5 Common Roommate Problems – And How to Deal

Unless you’re one of the few students who lucks out and gets a single, almost everyone who goes away to school must deal with a roommate. Although it would be ideal to become BFF with your rando roommate,  everyone doesn’t always bond like Rachel, Monica and Phoebe. And because girls like to get their  feelings out via emo Facebook statuses, rather than actually confronting the problem, situations tend to escalate fast.
Here are some problems you may run into within the walls of your shared space and a few solutions if/when you find yourself in a pickle.
She’s sloppy: Her clothes are always on the floor and on her bed, even when she’s not getting dressed. Strands of her hair line your dorm room floor. She has loose papers and party fliers sticking out of her textbooks and strewn all over her desk. And is it you, or does her side of the room smell like gym socks and onions? Unfortunately, all girls aren’t all that neat, clean and prissy. Some are straight-up foul! Maybe they’re used to someone else cleaning for them or maybe they’re just lazy. But if you’re with a sloppy sister, you will probably end up speaking to her about her hot mess on more than one occasion.
Solution: Starring at her mess with your evilest eye won’t suddenly make her realize that she’s too messy. Instead this is one of those situations where you’re going to have to be confrontational (but NOT hostile) and ask for a compromise. You can’t expect her to go from slopfest to neat freak, but you can ask her to make sure her mess doesn’t invade your side of the room and that she does her best to keep all smells at a minimum. Just asking her to “be cleaner” won’t get you very far. Give her clear suggestions like “please put your gym clothes immediately in your laundry and not on the floor.”
She’s noisy: While away at college, most girls enjoy an occasional catch-up session with their friends and family on the phone or on Skype. But what if your roommate is constantly talking on the phone, blasting her music and singing along, and inviting your entire hall over to watch the “Jersey Shore” premiere (at volume lever 50 or higher)? Then you’ve got yourself a noisy roommate. Some people are born with the gift of gab; they’re just naturally loquacious. Although you’ll probably end up wishing your roomie would shut up, at least you’ll avoid being lonely when your best friend can’t Skype. There will always be someone to talk to.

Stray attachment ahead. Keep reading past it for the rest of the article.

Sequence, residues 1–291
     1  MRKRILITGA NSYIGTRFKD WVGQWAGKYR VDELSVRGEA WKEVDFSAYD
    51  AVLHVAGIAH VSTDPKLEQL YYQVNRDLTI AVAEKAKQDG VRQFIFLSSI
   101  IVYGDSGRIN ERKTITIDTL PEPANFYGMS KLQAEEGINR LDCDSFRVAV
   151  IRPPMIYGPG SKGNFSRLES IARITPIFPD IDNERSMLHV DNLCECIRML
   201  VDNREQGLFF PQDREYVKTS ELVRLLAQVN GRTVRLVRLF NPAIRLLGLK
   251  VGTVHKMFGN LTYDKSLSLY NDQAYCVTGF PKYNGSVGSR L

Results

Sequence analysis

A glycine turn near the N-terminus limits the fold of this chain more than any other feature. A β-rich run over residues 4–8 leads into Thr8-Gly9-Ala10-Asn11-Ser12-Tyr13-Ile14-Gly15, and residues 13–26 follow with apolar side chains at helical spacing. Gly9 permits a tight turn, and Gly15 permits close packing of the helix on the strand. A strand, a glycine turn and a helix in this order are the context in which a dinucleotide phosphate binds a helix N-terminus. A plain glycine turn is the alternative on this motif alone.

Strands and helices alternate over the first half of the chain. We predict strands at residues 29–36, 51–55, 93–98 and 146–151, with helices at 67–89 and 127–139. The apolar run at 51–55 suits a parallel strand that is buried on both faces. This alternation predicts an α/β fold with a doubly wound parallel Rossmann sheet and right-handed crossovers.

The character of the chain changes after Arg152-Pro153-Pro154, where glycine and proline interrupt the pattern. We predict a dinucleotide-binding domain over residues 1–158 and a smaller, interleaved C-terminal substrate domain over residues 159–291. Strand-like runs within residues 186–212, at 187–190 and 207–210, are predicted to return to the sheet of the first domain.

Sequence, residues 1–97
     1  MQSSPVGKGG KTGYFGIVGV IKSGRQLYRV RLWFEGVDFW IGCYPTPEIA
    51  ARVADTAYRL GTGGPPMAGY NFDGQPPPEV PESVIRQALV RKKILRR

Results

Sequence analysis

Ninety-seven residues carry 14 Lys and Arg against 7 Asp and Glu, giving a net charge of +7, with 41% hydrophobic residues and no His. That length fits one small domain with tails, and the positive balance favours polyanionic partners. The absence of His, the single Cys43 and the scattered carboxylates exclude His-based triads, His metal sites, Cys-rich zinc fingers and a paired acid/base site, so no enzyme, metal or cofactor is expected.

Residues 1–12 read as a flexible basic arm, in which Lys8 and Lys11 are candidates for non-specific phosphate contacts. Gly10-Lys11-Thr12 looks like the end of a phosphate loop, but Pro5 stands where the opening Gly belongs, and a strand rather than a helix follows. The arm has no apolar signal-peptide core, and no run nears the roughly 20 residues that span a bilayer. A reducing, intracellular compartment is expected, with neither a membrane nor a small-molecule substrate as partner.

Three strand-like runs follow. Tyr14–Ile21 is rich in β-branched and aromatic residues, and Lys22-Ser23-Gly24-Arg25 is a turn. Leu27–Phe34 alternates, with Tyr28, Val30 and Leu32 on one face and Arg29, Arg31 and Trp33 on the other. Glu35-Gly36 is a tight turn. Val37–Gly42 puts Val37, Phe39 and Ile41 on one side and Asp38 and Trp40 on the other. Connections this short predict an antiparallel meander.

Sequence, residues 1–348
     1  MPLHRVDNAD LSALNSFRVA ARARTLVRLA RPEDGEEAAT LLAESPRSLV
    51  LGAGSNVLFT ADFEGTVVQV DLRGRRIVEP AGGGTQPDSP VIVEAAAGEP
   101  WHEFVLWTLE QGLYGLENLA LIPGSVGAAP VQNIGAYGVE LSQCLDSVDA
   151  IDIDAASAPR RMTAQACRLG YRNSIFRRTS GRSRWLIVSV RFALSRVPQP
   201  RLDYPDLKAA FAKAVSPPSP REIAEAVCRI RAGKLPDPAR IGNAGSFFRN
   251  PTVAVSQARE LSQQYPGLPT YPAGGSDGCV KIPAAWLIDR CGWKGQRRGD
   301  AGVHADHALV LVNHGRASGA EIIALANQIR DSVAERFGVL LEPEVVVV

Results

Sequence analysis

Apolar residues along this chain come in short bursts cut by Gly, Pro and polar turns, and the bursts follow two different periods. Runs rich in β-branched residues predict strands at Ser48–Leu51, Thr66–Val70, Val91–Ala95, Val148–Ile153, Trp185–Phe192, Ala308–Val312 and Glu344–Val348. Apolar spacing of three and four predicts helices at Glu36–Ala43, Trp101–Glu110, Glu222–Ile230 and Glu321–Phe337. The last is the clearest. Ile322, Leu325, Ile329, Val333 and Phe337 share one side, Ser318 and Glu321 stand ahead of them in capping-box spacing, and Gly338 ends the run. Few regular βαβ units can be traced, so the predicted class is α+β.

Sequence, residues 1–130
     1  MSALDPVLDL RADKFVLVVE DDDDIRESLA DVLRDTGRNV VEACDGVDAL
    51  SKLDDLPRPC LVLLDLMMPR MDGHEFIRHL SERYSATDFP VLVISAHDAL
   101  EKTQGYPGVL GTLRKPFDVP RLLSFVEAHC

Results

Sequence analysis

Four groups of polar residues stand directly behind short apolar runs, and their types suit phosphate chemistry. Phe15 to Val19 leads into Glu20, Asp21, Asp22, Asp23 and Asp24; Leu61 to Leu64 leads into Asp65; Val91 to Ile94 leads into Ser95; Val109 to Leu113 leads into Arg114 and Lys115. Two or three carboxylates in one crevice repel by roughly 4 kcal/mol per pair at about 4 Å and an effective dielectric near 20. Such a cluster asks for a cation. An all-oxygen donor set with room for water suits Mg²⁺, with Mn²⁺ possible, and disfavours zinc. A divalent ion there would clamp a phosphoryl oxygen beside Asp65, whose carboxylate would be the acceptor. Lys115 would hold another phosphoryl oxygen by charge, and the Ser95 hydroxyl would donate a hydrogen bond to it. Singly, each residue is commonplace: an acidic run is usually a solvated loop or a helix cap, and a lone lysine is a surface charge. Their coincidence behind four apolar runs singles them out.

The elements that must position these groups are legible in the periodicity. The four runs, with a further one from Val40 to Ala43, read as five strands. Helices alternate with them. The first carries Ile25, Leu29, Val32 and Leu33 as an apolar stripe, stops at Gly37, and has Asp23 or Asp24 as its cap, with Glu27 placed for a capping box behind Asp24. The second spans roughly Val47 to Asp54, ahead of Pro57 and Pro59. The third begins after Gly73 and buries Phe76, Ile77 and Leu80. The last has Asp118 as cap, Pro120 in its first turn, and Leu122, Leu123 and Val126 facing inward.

Solution: Throwing her speakers out of the window and locking your door when she invites people over will not solve this problem. Instead sit down and try to set a few ground rules for when it’s okay and NOT okay for her to be loud. It’s not unreasonable for you ask her to be quiet when you’re trying to study and sleep. It is unreasonable for you to tell her she can never have friends over. Suggest headphones for her music and maybe invest in a pair of Bose headphones for yourself.
She’s too Friendly: Your dorm room is probably one of the only places where you’ll find the most peace on campus. It’s your oasis in the middle of the crazy college desert. When your roommate is in your face constantly, you might as well be back in the student lounge or the noisy cafeteria. She always wants to talk to you and “bond.” Don’t get me wrong, establishing a relationship with your roommate is important. Plus it’s way better than boarding with a b-word (see “mean”). But man, can’t a girl sleep…and dress…and bathe in peace?
Solution: This one is tricky because she’s trying to spend time with you…and asking her to stop will make things awkward for the rest of the year. Try using visual clues when you want some peace and quiet. Putting in your headphones does wonders in passing that message along.
She’s thieving: She’s going through your closet, snatching your jewelry up! There’s always someone who wants what they can’t have, so they take it. When it happens to be the person you live with, it causes a lot of discomfort. You’d never want to accuse your roomie of thievery because it makes things too awkward. But when you notice undies missing from your top drawer and earrings missing from your accessory tree, it’s time to confront her and get a lock. Hide your clothes, hide your shoes!
Solution: This is the perfect time to be confrontational, because the longer you put off asking her about the stolen items, the worse it will get. Let her know that she’s welcome to borrow things, but she has to ask first. Then it’s up to you to say yes or no when she asks — say no a few times and she’ll stop asking. Many girls with sisters are used to borrowing from their sisters without asking and she might just assume that’s the norm. If talking to her doesn’t do the trick, then you should talk to your RA — no one deserves to live in the middle of a crime scene.
She’s mean: Mean girls are everywhere, and your school’s housing department may pair your with one or two. Not everyone is Miss Congeniality. Your roommate may not greet you every time you walk in your dorm or invite you to lunch. Some people have a hard time adjusting to sharing space. It may really hurt your feelings, especially at the beginning of the year when you want to meet new people. Don’t fret, there are other girls on campus who you’re bound to click with. Hopefully you’ll end up hanging out with them more and barely see the Wicked Witch of Your Room.
Solution: You’re not a trained therapist so don’t even try to de-ice her. Instead just accept the fact that your roomie and you are not going to be BFFs. And if the meanness gets worse for what seems like no reason, ask her what’s up. Maybe she has a family situation at home she’s upset about or maybe she’s annoyed that  your alarm clock ringtone is the soundtrack from Grease. You won’t know if you don’t ask.

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